Maybe it’s because I was raised a Methodist and was taught to keep my spirituality close to the vest, much like people hide alcoholism, criminal tendencies and being a fan of the designated hitter.
Or maybe it’s because, despite her spirit-filled way and prayers for health, my wife died after a lengthy illness. Maybe I saw that the hand-waving fanaticism wasn’t worth the effort. It wasn’t going to work. What happens just happens and I had no part in its outcome. I couldn’t keep her healthy despite the prayers.
But, when she was alive, she tried to convince me to be closer to Thee and her walk with the Lord gave her Godly patience to deal with me. She had a photograph — well, actually it was an artist’s rendering — of Jesus on the bedroom wall. I’d walk by it and point, saying, “Jesus Christ,” in a voice more reserved for angry surprise. I thought it was funny. She didn’t.
Her patience with me continued; she was tolerant of my sports obsession and even encouraged it.
My wife was good friends with the wife of the local college baseball coach. The coach played for the Minnesota Twins in 1964 and met the heroes of my youth — Harmon Killebrew, Bob Allison and rookie Tony Oliva. By association, the coach became my hero.
So, one day, while at the church we attended, the minister instructed us to greet our pew neighbors and tell them how good life was. My wife nudged me and pointed to the coach. “Go over there and welcome him,” she said. “He’d appreciate it.”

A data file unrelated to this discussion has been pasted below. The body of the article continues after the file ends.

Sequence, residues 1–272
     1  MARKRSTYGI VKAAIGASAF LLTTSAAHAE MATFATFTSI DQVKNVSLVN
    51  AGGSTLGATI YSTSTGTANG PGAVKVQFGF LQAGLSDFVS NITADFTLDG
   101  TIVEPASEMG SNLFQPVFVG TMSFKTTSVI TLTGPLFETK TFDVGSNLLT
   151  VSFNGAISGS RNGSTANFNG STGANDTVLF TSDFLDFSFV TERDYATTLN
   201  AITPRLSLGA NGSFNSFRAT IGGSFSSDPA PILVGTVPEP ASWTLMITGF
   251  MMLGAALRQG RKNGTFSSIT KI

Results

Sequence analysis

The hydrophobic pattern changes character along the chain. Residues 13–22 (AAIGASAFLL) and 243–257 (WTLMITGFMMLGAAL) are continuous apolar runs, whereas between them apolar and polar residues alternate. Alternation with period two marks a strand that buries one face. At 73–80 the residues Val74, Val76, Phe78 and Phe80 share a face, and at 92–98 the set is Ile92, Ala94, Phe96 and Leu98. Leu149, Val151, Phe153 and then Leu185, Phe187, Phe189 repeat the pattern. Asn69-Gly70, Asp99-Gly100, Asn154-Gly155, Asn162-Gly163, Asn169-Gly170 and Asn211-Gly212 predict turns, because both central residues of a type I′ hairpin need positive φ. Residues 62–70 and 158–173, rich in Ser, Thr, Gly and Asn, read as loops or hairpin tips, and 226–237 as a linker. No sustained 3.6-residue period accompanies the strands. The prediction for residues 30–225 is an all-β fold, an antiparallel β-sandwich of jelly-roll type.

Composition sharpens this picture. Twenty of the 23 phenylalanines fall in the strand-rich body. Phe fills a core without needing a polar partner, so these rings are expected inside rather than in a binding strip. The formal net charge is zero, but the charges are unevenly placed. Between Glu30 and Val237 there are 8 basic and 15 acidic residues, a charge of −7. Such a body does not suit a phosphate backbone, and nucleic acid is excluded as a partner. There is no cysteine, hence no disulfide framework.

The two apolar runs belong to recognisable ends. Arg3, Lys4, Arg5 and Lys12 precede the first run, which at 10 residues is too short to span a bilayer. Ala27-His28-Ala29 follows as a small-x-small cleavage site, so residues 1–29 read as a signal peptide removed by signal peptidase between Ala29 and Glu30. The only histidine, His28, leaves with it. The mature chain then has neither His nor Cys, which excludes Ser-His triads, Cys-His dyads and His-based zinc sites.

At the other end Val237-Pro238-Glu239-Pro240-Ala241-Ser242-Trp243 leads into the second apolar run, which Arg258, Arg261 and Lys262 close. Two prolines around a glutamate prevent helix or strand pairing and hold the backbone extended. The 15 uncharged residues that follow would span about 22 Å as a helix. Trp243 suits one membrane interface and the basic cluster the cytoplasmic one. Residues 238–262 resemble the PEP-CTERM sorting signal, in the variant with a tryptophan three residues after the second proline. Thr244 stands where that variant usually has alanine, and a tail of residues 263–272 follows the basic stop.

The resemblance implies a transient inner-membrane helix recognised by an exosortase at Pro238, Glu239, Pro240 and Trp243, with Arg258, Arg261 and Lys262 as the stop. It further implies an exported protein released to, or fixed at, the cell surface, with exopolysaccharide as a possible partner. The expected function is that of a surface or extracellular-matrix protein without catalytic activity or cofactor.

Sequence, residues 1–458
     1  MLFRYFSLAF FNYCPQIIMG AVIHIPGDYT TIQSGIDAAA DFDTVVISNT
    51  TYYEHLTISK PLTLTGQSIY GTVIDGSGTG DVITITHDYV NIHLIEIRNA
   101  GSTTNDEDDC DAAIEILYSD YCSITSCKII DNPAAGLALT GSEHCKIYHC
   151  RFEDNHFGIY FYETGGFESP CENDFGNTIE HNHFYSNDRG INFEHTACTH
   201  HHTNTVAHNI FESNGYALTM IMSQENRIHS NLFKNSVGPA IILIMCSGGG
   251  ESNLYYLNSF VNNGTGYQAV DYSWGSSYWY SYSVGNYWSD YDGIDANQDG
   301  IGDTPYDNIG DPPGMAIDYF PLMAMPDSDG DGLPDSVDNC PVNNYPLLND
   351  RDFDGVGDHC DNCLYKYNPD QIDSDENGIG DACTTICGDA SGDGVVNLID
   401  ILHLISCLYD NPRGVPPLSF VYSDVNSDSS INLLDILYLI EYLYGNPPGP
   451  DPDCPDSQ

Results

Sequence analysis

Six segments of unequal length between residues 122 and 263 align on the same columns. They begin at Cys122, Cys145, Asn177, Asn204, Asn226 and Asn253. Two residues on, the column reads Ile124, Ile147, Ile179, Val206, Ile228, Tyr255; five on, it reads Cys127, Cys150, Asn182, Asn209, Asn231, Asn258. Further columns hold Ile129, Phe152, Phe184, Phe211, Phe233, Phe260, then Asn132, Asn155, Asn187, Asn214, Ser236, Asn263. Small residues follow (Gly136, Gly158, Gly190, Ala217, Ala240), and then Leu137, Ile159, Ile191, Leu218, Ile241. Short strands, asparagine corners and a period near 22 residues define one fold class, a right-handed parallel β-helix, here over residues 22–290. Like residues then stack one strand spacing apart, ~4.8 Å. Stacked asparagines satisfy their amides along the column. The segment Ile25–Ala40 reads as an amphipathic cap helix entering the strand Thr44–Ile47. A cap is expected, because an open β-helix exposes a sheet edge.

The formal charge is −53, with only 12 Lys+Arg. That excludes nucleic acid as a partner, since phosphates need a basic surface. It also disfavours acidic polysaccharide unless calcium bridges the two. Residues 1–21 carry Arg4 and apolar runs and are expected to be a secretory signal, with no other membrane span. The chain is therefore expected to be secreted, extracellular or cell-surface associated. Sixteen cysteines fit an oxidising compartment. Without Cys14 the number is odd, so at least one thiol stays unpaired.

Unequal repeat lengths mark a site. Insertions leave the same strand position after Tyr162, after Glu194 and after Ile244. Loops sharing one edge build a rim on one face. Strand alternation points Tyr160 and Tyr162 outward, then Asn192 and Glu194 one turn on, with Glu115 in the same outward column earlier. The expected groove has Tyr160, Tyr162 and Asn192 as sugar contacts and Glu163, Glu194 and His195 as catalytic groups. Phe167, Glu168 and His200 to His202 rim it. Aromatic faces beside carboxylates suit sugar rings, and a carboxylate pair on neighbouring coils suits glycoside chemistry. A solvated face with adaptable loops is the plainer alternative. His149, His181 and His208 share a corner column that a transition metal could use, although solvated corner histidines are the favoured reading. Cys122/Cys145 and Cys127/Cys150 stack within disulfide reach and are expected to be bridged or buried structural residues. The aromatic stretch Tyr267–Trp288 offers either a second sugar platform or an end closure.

While the rest of the congregation crowed about glorious days and salvation, I shyly edged to the coach. He looked at me suspiciously and then offered his hand. I was at a loss of word. My Methodist upbringing forebade me from publicly blessing him or speaking in tongues.
Instead, I said the first thing that came to mind. “How does the infield look this year?” I asked.
I think he was relieved at the question and answered it easily.
A friendship developed and we spent time together. We’d go fishing and he would talk about those old Twins’ days and, later when he was playing with the Yankees’ minor league team in Columbus, throwing grounders to Mickey Mantle in spring training.
God had to be involved in getting that friendship arranged.
So, while some may think I was being sacrilegious, talking sports in a church while the rest of the gang was being jolly for Jehovah, I think God smiled on us. Sports is equated to a religion. Baseball stadiums are called “cathedrals” in hack sports writers’ columns and there’s a reason for it. Walk in any baseball stadium and you get a spiritual awakening. I’ve felt it when entering Busch Stadium in St. Louis, the old Vet in Philadelphia, the since-demolished Ray Winder Field in Little Rock, numerous school baseball fields and even the Metrodome in Minneapolis.
And if you want to get religious, the concept of baseball is divine. It’s above the human element and there’s an indescribable beauty about it. Me describing the game is similar to hearing my wife’s friends talk about their religion.